Ancient thinkers sought to determine what makes poetry distinctive as a form and what distinguishes good poetry from bad, resulting in the development of "poetics", or the study of the aesthetics of poetry. Some ancient societies, such as the Chinese through the Classic of History, one of the Five Classics, developed canons of poetic works that had ritual as well as aesthetic importance. More recently, thinkers struggled to find a definition that could encompass formal differences as great as those between Chaucer's The Canterbury Tales and Matsuo Bashō's Oku no Hosomichi, as well as differences in context that span from the religious poetry of the Tanakh to love poetry to rap.
Context can be critical to poetics and to the development of poetic genres and forms. For example, poetry employed to record historical events in epics, such as Gilgamesh or Ferdowsi's Shahnameh, will necessarily be lengthy and narrative, while poetry used for liturgical purposes in hymns, psalms, suras and hadiths is likely to have an inspirational tone, whereas elegies and tragedy are intended to invoke deep internal emotional responses. Other contexts include music such as Gregorian chants, formal or diplomatic speech, political rhetoric and invective, light-hearted nursery and nonsense rhymes, threnodies to the deceased and even medical texts.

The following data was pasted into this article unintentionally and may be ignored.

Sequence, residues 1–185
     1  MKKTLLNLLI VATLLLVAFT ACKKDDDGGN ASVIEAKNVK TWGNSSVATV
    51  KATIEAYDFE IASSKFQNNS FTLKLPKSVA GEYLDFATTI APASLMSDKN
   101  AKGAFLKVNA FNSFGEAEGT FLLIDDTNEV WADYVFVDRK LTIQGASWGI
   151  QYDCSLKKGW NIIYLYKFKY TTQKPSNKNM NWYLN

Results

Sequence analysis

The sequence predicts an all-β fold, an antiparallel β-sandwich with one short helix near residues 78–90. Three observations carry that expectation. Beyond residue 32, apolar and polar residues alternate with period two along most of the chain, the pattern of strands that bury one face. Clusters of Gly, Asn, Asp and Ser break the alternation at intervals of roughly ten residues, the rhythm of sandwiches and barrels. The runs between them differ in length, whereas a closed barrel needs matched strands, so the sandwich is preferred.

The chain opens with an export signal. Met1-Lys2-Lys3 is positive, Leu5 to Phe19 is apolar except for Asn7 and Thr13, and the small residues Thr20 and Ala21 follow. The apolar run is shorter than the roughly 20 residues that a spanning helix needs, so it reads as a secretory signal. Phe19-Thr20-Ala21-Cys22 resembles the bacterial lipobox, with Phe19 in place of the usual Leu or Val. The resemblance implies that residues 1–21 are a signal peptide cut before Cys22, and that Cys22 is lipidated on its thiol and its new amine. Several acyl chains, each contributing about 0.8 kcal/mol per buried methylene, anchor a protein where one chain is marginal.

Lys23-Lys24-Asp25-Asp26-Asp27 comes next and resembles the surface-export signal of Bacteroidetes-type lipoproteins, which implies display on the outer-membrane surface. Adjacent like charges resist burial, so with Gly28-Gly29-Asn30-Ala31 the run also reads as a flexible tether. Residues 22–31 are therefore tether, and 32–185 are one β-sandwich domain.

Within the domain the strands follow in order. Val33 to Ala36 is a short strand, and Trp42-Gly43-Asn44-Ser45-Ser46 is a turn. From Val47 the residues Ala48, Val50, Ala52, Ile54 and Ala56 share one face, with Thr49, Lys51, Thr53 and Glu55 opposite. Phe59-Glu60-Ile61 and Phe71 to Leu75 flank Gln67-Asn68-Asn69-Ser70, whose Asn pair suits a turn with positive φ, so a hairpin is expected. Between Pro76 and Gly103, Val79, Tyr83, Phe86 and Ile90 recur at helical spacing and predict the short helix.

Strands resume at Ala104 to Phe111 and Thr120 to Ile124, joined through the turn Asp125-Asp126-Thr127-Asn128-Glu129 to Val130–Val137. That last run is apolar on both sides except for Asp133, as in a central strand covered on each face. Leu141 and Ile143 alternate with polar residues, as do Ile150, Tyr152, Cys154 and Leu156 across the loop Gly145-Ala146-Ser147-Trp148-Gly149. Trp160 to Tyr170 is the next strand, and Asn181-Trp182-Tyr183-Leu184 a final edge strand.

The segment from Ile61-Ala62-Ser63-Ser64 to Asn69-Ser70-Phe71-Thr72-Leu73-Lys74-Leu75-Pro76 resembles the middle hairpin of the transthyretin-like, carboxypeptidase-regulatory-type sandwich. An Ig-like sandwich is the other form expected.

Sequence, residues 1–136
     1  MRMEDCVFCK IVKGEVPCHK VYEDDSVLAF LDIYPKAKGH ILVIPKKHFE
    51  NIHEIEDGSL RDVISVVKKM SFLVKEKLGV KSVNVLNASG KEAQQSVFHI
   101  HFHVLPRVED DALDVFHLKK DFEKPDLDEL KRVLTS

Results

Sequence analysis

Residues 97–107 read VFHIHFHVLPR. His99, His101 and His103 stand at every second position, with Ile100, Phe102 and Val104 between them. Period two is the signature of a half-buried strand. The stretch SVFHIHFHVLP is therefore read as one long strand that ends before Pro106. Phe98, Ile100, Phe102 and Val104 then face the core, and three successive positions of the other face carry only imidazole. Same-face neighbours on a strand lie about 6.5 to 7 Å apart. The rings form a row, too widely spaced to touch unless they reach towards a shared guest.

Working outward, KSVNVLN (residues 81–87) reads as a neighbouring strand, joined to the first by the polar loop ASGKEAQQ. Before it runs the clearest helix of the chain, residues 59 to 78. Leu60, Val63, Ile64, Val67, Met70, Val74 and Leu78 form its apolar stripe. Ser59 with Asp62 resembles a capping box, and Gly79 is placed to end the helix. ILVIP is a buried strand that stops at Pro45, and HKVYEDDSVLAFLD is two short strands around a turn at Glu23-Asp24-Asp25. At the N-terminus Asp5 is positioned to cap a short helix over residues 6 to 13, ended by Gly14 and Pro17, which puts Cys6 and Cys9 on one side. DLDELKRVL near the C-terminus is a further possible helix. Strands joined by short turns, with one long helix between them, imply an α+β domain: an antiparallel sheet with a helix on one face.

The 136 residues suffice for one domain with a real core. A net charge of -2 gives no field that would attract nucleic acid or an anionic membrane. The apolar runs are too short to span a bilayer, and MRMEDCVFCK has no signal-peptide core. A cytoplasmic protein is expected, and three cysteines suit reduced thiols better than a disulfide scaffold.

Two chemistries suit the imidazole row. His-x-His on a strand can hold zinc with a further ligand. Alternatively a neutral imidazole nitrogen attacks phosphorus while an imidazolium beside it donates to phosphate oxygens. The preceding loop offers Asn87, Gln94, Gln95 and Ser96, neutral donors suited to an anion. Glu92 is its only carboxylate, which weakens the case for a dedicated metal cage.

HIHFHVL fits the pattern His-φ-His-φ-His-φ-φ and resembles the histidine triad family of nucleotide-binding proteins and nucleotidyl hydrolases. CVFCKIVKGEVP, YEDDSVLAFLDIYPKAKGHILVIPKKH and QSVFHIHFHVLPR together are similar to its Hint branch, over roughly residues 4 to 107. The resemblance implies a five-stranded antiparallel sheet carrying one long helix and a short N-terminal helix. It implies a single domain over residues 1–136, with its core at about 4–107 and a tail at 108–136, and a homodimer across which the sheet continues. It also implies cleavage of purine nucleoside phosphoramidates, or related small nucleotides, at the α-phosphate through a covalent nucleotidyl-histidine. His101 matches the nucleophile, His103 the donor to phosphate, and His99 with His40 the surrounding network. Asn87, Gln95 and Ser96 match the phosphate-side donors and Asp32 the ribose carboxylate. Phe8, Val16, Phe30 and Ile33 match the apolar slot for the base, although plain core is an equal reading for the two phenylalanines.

The Polish historian of aesthetics, Władysław Tatarkiewicz, in a paper on "The Concept of Poetry," traces the evolution of what is in fact two concepts of poetry. Tatarkiewicz points out that the term is applied to two distinct things that, as the poet Paul Valéry observes, "at a certain point find union. Poetry [...] is an art based on language. But poetry also has a more general meaning [...] that is difficult to define because it is less determinate: poetry expresses a certain state of mind."
Classical and early modern Western traditions